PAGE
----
Railroad Company v. Alabama
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101 U.S. 832 (1879)
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U.S. Supreme Court
Railroad Company v. Alabama, 101 U.S. 832 (1879)
Railroad Company v. Alabama
101 U.S. 832
1. Railroad Company v. Tennessee, supra, p. 101 U. S. 337, cited and approved.
2. Where the statute of Alabama subjecting her to suit in her courts was in force at the time when a contract with her was made and a suit thereon brought, but their functions were essentially those of a board of audit, and the plaintiff had no means of enforcing the payment of a judgment or a decree in his favor, held that the repeal of the statute deprives the court of jurisdiction to proceed, and is not in violation of the contract clause of the Constitution of the United States.
The Revised Code of Alabama contains the following provisions:
"SEC. 2534. State may be sued by citizens, or domestic corporations. A citizen of this state, or a domestic corporation, may bring suit against the State of Alabama, in the circuit or chancery court of the county in which he resides, or in which such corporation is located, which must, in all respects, be governed by the same rules as suits between individuals."
"SEC. 2535. Solicitor of circuit defends for the state. The solicitor of the circuit in which the suit is pending must attend to the suit on the part of the state, and the governor may, if necessary, employ assistant counsel, and the judge of the court determine the compensation."
"SEC. 2536. Comptroller to pay judgment, on certificate of the judge and clerk, after six months. If judgment be rendered against the state, it is the duty of the comptroller, on the certificate of the clerk of the court, together with that of the judge who tried the cause, that the recovery was just, to issue his warrant for the amount, but no certificate must issue until six months after the recovery of judgment."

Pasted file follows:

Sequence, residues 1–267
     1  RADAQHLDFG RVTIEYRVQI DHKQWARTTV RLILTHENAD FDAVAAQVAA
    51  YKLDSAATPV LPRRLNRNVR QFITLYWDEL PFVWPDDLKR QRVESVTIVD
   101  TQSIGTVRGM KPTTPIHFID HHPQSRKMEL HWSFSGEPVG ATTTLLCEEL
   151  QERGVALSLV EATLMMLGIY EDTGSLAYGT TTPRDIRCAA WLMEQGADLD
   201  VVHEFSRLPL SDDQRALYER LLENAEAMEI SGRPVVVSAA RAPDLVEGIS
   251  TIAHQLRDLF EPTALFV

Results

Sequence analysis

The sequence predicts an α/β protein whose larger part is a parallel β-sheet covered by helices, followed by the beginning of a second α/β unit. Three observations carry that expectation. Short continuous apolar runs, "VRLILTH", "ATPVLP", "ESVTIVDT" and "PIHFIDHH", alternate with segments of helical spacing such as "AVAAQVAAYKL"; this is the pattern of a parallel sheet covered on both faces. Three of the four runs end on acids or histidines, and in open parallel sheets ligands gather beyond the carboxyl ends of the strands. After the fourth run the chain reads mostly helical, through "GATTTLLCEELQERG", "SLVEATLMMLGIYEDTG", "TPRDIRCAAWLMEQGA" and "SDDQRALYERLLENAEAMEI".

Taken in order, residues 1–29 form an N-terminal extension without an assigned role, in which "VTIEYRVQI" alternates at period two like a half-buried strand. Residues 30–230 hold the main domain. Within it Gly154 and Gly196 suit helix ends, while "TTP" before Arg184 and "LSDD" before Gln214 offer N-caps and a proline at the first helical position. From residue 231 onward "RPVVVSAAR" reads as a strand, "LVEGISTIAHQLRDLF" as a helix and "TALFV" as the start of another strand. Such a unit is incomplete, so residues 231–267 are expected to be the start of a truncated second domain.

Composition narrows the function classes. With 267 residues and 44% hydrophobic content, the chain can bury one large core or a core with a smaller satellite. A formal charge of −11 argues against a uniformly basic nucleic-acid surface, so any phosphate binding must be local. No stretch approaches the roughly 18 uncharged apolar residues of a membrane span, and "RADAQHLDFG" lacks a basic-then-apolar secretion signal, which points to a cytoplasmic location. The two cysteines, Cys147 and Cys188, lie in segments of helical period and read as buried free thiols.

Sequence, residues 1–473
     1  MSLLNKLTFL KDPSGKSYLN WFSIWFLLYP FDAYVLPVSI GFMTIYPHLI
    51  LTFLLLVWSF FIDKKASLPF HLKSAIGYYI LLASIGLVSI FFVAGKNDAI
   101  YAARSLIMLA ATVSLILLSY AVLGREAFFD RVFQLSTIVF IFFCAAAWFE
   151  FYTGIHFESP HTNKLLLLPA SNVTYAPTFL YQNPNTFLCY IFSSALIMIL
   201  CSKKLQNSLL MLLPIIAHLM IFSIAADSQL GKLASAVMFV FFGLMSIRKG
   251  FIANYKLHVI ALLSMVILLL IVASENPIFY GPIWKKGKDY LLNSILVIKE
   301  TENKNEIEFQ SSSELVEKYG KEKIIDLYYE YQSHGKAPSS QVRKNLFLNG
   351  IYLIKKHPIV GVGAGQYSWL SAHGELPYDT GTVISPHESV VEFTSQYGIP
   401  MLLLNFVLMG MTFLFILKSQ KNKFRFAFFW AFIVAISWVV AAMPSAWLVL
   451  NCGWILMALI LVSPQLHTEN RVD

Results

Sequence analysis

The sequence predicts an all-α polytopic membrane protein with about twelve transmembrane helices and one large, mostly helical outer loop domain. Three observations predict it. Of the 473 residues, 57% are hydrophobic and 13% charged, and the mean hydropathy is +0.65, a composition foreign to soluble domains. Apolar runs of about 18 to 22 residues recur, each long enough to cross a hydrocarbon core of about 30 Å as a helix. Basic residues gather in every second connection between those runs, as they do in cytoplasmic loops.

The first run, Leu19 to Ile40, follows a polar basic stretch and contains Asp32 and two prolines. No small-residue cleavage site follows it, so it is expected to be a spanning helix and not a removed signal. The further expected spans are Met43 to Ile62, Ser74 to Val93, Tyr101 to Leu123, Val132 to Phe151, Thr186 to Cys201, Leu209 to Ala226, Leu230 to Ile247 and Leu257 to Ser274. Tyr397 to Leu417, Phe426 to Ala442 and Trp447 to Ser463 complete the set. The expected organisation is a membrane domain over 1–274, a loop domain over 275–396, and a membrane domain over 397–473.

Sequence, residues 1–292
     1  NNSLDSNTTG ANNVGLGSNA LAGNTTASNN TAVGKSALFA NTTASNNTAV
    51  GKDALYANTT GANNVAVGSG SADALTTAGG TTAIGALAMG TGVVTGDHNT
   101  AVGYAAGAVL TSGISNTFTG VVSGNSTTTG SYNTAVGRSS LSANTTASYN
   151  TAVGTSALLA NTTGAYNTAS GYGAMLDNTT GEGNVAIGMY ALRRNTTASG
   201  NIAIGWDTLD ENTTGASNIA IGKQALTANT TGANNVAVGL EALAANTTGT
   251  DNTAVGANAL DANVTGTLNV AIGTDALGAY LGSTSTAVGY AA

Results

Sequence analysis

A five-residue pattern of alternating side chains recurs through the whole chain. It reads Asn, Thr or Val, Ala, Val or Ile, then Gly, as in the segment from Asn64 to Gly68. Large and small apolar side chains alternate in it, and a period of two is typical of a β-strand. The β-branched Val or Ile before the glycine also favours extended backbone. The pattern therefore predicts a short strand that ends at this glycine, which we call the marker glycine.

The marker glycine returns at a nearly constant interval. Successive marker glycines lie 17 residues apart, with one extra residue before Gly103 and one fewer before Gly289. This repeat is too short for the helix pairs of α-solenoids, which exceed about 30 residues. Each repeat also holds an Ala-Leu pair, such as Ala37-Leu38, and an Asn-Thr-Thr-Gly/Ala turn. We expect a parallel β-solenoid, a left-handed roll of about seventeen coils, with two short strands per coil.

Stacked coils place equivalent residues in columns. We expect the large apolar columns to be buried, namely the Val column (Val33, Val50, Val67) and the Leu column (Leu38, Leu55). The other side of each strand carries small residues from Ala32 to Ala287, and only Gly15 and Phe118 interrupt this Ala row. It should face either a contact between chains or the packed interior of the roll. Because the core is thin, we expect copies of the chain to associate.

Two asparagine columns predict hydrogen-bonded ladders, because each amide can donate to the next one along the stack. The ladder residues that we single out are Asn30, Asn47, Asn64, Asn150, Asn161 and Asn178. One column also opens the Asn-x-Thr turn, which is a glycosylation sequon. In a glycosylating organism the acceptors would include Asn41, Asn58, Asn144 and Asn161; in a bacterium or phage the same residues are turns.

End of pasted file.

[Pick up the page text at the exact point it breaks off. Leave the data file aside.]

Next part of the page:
"SEC. 2571. Summons left with governor when state is sued. When the State of Alabama is a defendant, the summons must be executed by leaving a copy of the summons and complaint with the governor."
"SEC. 3323. The state may bring suit in chancery and be defendant therein. The state may sue and be sued, by a citizen of the state, or domestic corporation, in chancery, and the suit is governed by the same rules as suits between individuals. The solicitor
of the circuit in which the suit is pending must attend to the same on the part of the state, and the governor may employ assistant counsel, if he deem it necessary, and the Chancellor may determine the amount of compensation; and if unsuccessful, the state is liable for costs as individual suitors are. The direction of the executive of the state, in writing, is sufficient authority to the attorney for bringing such suit."
These provisions are substantially the same as those contained in the Revised Code of 1852, and were in force when the act of Feb. 18, 1860, was passed, loaning and appropriating what is known in her legislation as the three percent fund.
The South and North Alabama Railroad Company, a corporation chartered by the laws of that state, brought a suit in chancery against her April 4, 1874, in the Chancery Court of Montgomery County. It claimed title to that fund under her contract and legislation, and prayed for an account. The state, by her law officer, appeared and answered. An amended bill was filed Dec. 21, 1874.
The following act was approved Dec. 18, 1874:
"SEC. 1. Be it enacted by the General Assembly of Alabama, that sections numbered two thousand five hundred and thirty-four (2534), two thousand five hundred and thirty-six (2536), two thousand five hundred and seventy-one (2571), and three thousand three hundred and twenty-three (3323) of the Revised Code of Alabama be, and the same are, hereby repealed."
"SEC. 2. Be it further enacted, that all laws and parts of laws in conflict with the provisions of this act, or which make any provisions for bringing or conducting suits against this state, be, and the same are, hereby repealed."
The state, by her Attorney General, moved the court, May 11, 1875, to dismiss the cause, on the ground that there was then no law authorizing suits to be brought against her, and that the suit could not be further maintained because the law which may have authorized its institution had been repealed.
The court sustained the motion and dismissed the suit at the costs of the complainant. The Supreme Court on appeal affirmed the order of dismissal, and the company sued out this writ.
The cause was argued by Mr. Samuel F. Rice and Mr. Thomas G. Jones for the plaintiff in error, and submitted on brief by Mr. John T. Morgan for the defendant in error.